We want you to be able to make an informed decision, no matter what option you may choose. The information in these pages can help you think through your options.
Not Sure You’re Pregnant?
If you have just had unprotected sex you may not yet be pregnant. Emergency contraception is not abortion, but taken within 72 hours after unprotected sex can prevent pregnancy. Learn more at not-2-late.com (not affiliated with NAF).
If you suspect that you are pregnant, it is best to find out right away. The sooner you know, the more time you will have to make choices about what you want to do.
- Missed periods
- Periods with a lighter flow or shorter duration than usual
- Breast tenderness
- Nausea and/or vomiting
- Frequent urination
- Changes in appetite
- Feeling bloated and/or crampy
- Changes in digestion (constipation, heartburn, etc.)
- Abdominal enlargement
- Clothes feel tighter
- Mood changes
If you have some or all of these symptoms, it does not mean you are definitely pregnant. You can also be pregnant and have none of these symptoms. The only way to be certain is to take a pregnancy test.
Pregnancy tests are widely available at a variety of health care facilities, drug stores, and some grocery stores. They may be low-cost or free at some locations, including health departments or free clinics. Beware that anti-choice “crisis pregnancy centers” often offer free pregnancy testing, but these centers are fake clinics masquerading as legitimate health care facilities. When used according to the directions, pregnancy tests are 97-99% accurate starting on the first day after a woman misses her period. Always check the expiration date of a home pregnancy test before you use it – if it is past the expiration date, it may not be accurate.
There is a hormone that is present in your urine and blood only when you are pregnant. This hormone, human chorionic gonadotropin (hCG) (also called the pregnancy hormone) is what all pregnancy tests detect.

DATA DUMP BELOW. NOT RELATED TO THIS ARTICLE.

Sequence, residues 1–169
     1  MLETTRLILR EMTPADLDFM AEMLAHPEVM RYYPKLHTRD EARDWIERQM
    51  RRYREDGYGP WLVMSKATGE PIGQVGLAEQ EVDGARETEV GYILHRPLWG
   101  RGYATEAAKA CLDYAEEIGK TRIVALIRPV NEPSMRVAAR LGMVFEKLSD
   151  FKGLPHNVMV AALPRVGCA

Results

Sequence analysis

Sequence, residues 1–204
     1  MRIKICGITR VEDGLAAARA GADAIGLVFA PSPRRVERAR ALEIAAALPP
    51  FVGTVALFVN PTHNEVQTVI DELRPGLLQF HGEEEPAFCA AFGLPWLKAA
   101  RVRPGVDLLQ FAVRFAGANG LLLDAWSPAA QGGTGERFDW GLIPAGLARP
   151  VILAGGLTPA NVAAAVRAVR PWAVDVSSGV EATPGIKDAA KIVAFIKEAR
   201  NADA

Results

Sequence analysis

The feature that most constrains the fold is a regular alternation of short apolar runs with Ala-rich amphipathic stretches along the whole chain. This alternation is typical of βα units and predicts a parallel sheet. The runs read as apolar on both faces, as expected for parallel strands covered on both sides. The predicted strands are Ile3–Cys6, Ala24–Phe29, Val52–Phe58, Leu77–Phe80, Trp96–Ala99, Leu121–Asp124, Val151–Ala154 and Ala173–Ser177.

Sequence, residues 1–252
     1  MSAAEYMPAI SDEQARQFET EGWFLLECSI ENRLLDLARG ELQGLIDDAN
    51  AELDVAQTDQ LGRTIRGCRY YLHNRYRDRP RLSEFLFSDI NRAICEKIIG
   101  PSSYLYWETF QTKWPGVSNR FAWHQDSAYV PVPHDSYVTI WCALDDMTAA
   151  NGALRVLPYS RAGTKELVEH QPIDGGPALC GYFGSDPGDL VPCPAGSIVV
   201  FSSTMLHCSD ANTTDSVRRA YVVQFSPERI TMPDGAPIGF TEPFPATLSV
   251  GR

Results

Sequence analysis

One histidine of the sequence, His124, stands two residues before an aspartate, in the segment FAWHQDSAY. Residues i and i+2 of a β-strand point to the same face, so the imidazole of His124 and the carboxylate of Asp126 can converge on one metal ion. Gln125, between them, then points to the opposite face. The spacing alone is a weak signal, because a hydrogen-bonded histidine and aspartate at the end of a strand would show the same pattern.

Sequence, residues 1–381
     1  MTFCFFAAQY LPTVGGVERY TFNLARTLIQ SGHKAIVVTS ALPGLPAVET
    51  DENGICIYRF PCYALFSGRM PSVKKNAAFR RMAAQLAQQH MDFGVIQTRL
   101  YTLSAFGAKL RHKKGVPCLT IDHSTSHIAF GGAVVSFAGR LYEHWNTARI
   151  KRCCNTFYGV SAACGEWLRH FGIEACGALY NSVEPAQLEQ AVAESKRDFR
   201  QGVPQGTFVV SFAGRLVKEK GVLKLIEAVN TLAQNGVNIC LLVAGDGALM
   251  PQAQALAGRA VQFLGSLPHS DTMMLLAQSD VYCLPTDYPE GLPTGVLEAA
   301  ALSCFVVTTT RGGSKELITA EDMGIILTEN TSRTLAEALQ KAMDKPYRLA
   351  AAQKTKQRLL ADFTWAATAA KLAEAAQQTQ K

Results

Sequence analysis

There Are Two Kinds of Pregnancy Tests:
- Urine tests detect the pregnancy hormone in your urine.
- Blood tests, which can only be administered in a doctor’s office or clinic, detect the pregnancy hormone in your blood.
Health Care Providers Offer Three Different Kinds of Tests:
- A urine test is the test most frequently used both as a home pregnancy test and in a health care setting.
- A qualitative hCG blood test (also known as a qualitative beta hCG test) tests whether or not you have the pregnancy hormone in your blood. It is similar to a urine test in that it tells you if you are pregnant or not.
- A quantitative blood test (also known as a quantitative beta hCG test) measures how much of the pregnancy hormone is in your blood.
Home Pregnancy Tests Have Some Advantages:
- They are easy to use
- They are inexpensive
- They can be performed in the privacy of your own home
If you take a home pregnancy test very early in your pregnancy, there may not be enough of the pregnancy hormone in your urine to trigger a positive test result. If you think you are pregnant and your home pregnancy test comes back negative, try it again in a few days. If you continue to have negative tests but you think you are pregnant, or if you take a home pregnancy test and it comes back positive, you should arrange to see your health care provider.
A normal pregnancy is one where the embryo implants in a woman’s uterus. An ectopic, or “tubal” pregnancy is one where the embryo implants somewhere other than in the uterus. Most commonly, an ectopic pregnancy implants in a woman’s fallopian tube (one of the tubes leading from the ovary to the uterus.) Ectopic pregnancy is commonly diagnosed when a woman has a positive pregnancy test but an ultrasound doesn’t show a pregnancy in the uterus when it should be visible. A health care provider might also suspect an ectopic pregnancy based on a pelvic exam or symptoms the woman is having, such as one-sided pain.
Ectopic pregnancy is a medical condition which must be treated by a medical professional. Without treatment, the fallopian tube may rupture, which can result in serious injury or death. The usual treatment for an ectopic pregnancy that is detected early is methotrexate. It is not possible to carry an ectopic pregnancy to term.
Once a woman knows she’s pregnant, it is important to measure how far along her pregnancy is. This will have an impact on your options, as certain methods of abortion are available only in specific time-frames. It will also help you know how much time you have to make your decision.
Health professionals usually measure a pregnancy in terms of the time that has passed since the first day of the woman’s last menstrual period (abbreviated as LMP). If you go to a clinic, they may use an ultrasound machine or a physical exam to establish how far along you are.